In the late fourth century Empress Helena, the 80 year old mother of Constantine the Great, went on a pilgrimage to Jerusalem to find the true cross on which Jesus was crucified. Ever since reading The Canterbury Tales, I’ve been drawn to the idea of pilgrimage. Perhaps that’s part of why Ethiopia appeals so much to me–it feels like a medieval country, with old men and women going on remarkable journeys and accomplishing remarkable things in much the same way now as it has been for thousands of years. (OK, for all you historians out there, I realize Helena predates the Medieval period by at least a hundred years, but that’s not my point.) So what does this old Roman woman have to do with Ethiopia?
Legend has it that when she reached Jerusalem Helena built a fire and burned incense, which drifted to the resting place of three crosses, buried in a cistern. The cross of Jesus, identified through a healing miracle, was broken into fragments and given out to various churches. The story goes that one large fragment of the right arm of the cross found its way to Ethiopia, and is said to reside under the Gishen Mariam monastery, in the mountains between Addis Ababa and Lalibela. It is one of Ethiopia’s important pilgrimage destinations.
For these and perhaps for other reasons Meskel, the Finding of the True Cross, is a major holiday in the Orthodox calendar. It’s a two-day holiday. The first day consists of building a huge bonfire, demera, made of eucalyptus branches and green leaves (for dense smoke) with a cross at the top. It is decorated with yellow Meskel daisies and other flowers. Each neighborhood community has a Meskal bonfire, and a lot of informal ones dot the sidewalks, built precariously near power lines, fences, and overhanging trees. The “official” bonfire and celebration happen in Meskel Square downtown.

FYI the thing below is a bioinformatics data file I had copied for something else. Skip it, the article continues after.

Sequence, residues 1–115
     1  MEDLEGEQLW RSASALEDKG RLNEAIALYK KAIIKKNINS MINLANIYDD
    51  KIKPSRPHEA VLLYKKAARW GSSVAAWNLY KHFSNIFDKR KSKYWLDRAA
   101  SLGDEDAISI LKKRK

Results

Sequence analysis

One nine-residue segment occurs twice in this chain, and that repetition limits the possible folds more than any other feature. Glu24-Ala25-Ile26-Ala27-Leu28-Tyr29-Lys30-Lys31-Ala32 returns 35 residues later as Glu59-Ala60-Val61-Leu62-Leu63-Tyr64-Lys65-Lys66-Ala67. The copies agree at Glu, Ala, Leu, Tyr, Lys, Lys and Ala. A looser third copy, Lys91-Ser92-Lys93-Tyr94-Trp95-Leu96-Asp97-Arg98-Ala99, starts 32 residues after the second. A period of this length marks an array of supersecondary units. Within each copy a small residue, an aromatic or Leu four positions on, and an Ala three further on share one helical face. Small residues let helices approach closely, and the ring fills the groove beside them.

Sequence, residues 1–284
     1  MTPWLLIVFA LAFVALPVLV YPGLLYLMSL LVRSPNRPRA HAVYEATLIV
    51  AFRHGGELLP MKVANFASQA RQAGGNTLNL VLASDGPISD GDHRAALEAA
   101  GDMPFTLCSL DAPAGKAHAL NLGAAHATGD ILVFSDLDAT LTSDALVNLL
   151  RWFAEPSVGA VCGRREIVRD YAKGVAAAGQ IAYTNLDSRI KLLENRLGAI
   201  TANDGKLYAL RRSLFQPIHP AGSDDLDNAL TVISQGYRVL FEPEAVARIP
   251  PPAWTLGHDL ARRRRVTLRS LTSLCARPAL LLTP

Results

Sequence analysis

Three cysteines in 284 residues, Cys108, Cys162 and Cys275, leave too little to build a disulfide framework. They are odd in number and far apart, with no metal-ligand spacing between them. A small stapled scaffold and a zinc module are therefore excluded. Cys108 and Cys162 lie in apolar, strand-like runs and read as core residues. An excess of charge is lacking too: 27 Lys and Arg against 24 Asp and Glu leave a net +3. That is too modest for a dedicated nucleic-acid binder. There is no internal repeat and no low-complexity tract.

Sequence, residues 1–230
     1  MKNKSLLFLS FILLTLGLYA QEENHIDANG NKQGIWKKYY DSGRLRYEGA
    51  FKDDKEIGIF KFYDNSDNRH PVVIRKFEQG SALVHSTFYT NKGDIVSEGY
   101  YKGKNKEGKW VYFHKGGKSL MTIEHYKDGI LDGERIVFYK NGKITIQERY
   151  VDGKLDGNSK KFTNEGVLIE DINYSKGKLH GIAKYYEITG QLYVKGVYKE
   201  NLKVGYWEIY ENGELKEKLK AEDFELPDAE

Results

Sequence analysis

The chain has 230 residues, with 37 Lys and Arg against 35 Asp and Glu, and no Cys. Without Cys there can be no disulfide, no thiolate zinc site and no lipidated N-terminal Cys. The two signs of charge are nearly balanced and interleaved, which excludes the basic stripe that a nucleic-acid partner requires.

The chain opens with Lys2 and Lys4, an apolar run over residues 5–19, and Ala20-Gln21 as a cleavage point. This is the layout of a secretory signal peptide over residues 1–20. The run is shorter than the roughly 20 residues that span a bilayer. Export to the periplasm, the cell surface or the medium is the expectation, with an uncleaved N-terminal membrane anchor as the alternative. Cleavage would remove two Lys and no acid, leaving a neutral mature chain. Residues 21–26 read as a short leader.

This year, we went to the one in the big open lot called the Tabot Medaria up the hill from our house. The celebration began at about 6:30 with chanting in and singing in Ge’ez, which involved the priests, women “decons” (?? they have a part of the service, but I’m not sure what their official role is), and Sunday school kids. A priest circled the crowd with a collection box, offering a blessing by touching a large carved wooden cross to my forehead and holding out the end for me to kiss.
As darkness fell, long thin beeswax candles were lit. Parents carefully guided children’s candles away from the thin cotton natellas and gabbis, head coverings and shawls.
Then the priests lit the bonfire, to much ululating.
Meskel is the family holiday, and the following day is a day to gather with relatives and have a feast. However, I haven’t met an Ethiopian holiday yet that doesn’t involve gathering with relatives and having a feast!
The second day is also a time for the faithful to revisit the bonfire site and draw a cross on their foreheads with ashes from the fire. If it rains after the Meskel fire, it is supposed to be a sign that the yearly harvest will be good. Sure enough, this afternoon it rained. Generally, Meskel marks the time of year when the rainy season ends and the grains begin to dry for harvest in October and November. In the month of September, the fields are yellow with Meskel flowers.
Children from Oromia with freshly gathered Meskel flowers during a visit outside of Addis in September 2016.